Monday, 10 July 2006

Management of Forest Soils on Disturbed Grounds.

Wolfgang Schaaf and Reinhard F. Hüttl. Brandenburg Univ of Technology, Chair of Soil Protection and Recultivation, Konrad-Wachsmann-Allee 6, Cottbus, 03044, Germany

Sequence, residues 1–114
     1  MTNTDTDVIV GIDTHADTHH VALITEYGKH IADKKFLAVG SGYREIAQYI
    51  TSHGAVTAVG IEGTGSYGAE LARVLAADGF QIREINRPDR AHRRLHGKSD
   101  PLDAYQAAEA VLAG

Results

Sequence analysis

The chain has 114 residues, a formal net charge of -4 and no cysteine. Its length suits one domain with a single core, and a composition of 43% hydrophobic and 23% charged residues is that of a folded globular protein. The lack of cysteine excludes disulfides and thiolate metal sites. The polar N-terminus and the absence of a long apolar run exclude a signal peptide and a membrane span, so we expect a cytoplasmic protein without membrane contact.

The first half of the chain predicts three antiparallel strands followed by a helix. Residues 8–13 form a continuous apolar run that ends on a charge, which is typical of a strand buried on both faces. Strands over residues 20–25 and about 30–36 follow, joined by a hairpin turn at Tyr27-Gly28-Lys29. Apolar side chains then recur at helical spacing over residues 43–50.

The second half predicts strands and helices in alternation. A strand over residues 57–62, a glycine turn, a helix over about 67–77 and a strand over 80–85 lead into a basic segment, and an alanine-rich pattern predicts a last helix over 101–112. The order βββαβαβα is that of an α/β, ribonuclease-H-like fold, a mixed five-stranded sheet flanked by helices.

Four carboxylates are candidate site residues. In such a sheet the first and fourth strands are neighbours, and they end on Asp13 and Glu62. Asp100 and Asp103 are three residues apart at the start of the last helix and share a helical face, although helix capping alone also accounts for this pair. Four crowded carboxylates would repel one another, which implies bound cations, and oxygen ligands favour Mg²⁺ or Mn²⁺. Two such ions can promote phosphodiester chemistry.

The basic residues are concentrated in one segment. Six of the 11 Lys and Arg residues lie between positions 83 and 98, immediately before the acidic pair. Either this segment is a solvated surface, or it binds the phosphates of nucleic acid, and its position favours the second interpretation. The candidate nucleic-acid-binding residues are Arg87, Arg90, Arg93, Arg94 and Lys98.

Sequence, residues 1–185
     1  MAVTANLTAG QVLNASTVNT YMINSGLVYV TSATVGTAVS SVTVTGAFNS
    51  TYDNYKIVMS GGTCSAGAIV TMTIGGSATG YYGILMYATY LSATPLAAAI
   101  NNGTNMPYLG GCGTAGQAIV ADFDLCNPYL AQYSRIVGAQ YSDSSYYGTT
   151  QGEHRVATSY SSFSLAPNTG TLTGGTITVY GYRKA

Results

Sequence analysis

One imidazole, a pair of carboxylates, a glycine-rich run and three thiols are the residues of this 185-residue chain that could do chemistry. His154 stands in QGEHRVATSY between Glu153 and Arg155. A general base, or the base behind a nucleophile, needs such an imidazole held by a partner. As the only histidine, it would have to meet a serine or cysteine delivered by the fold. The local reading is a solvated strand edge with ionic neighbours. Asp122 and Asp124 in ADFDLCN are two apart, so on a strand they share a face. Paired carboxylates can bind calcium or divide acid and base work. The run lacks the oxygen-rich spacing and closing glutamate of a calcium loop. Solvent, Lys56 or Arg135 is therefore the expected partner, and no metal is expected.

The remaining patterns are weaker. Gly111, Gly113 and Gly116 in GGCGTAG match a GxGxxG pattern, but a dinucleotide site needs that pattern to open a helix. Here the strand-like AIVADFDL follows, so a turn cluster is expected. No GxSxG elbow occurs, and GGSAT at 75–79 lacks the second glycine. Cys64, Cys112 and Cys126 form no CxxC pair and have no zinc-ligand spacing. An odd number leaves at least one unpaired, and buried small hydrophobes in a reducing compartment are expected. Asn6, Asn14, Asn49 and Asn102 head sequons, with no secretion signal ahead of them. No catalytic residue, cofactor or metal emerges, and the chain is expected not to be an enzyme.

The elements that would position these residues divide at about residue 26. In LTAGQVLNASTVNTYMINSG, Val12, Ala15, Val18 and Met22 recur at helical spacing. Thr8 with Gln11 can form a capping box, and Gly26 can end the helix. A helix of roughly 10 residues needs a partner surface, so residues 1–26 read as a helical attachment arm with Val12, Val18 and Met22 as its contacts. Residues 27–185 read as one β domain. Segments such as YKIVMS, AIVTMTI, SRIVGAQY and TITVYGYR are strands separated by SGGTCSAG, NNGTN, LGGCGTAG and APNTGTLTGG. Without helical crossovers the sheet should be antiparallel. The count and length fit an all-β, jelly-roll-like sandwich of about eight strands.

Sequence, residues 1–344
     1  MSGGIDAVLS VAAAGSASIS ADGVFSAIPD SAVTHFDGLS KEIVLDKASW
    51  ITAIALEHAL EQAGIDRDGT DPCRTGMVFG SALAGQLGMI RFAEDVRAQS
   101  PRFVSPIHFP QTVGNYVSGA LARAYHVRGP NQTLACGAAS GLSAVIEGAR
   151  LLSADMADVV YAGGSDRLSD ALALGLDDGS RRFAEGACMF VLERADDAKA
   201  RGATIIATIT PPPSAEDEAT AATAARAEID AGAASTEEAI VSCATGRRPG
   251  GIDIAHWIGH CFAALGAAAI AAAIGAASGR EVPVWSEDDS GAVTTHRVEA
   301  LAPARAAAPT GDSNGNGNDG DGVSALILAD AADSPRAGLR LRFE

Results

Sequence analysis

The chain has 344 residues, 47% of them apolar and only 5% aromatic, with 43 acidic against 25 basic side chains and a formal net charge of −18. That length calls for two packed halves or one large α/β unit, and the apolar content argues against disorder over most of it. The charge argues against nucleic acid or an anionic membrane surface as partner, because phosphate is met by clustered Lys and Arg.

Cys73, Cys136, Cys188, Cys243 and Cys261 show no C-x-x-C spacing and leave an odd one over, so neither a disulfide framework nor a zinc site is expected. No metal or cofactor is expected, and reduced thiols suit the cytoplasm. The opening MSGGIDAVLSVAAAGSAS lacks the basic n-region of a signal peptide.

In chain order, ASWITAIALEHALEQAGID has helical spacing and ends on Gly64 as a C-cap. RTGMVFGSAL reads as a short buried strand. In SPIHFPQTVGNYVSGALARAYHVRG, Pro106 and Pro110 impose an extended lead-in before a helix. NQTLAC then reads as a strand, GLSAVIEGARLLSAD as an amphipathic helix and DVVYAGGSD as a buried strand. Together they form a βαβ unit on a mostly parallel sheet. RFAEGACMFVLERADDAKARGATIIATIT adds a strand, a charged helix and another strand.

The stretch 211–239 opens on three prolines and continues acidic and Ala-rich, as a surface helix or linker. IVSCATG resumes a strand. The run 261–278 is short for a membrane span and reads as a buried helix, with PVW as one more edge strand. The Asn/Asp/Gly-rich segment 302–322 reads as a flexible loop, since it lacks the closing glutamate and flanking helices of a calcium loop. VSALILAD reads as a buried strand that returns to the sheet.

The spoil substrates of the Lusatian lignite mining district in eastern Germany (80.000 ha) are composed of a mixture sediments forming the parent material for newly developing soils. These soils contain varying amounts of pyrite and lignitic fragments throughout the solum resulting in specific features. Forestry is the dominating land use in the post-mining landscape. These forest ecosystems start at xpoint zerox, especially with regard to soil processes, plant-soil interactions, and biogeochemical cycles. Afforestation of these sites requires specific strategies. Severe acidification due to pyrite oxidation and poor water and nutrient holding capacities of the young mine soils call for comprehensive amelioration efforts. Up to 190 t CaO ha-1 in form of lime or fly ash are incorporated into the topsoil layer to allow root growth under reduced phytotoxic conditions. To study soil and stand development at these sites a chronosequence of pine stands covering a period of 60 years was used. The initial soil chemical status is influenced by pyrite oxidation, internal (and management induced) buffering, and formation of secondary minerals such as gypsum. Soil solution chemistry and element fluxes are controlled by these primary and secondary minerals. In the ameliorated top layers pH values are clearly elevated, whereas the unameliorated subsoils remain very acid (pH 2.5 – 2.9) showing extremely high ion concentrations. Geogenic organic matter contents, i.e. lignitic particles, increase the cation exchange capacity of the sandy substrates considerably. Despite unfavorable soil chemical conditions, the growth and nutritional status of the pine stands at these mine sites is surprisingly good. The content of lignitic fragments and secondary minerals in the soils seems to play an important role for the element cycling and nutritional status of the established forest ecosystems. However, the disturbance impact by mining operations presents a long-term effect.

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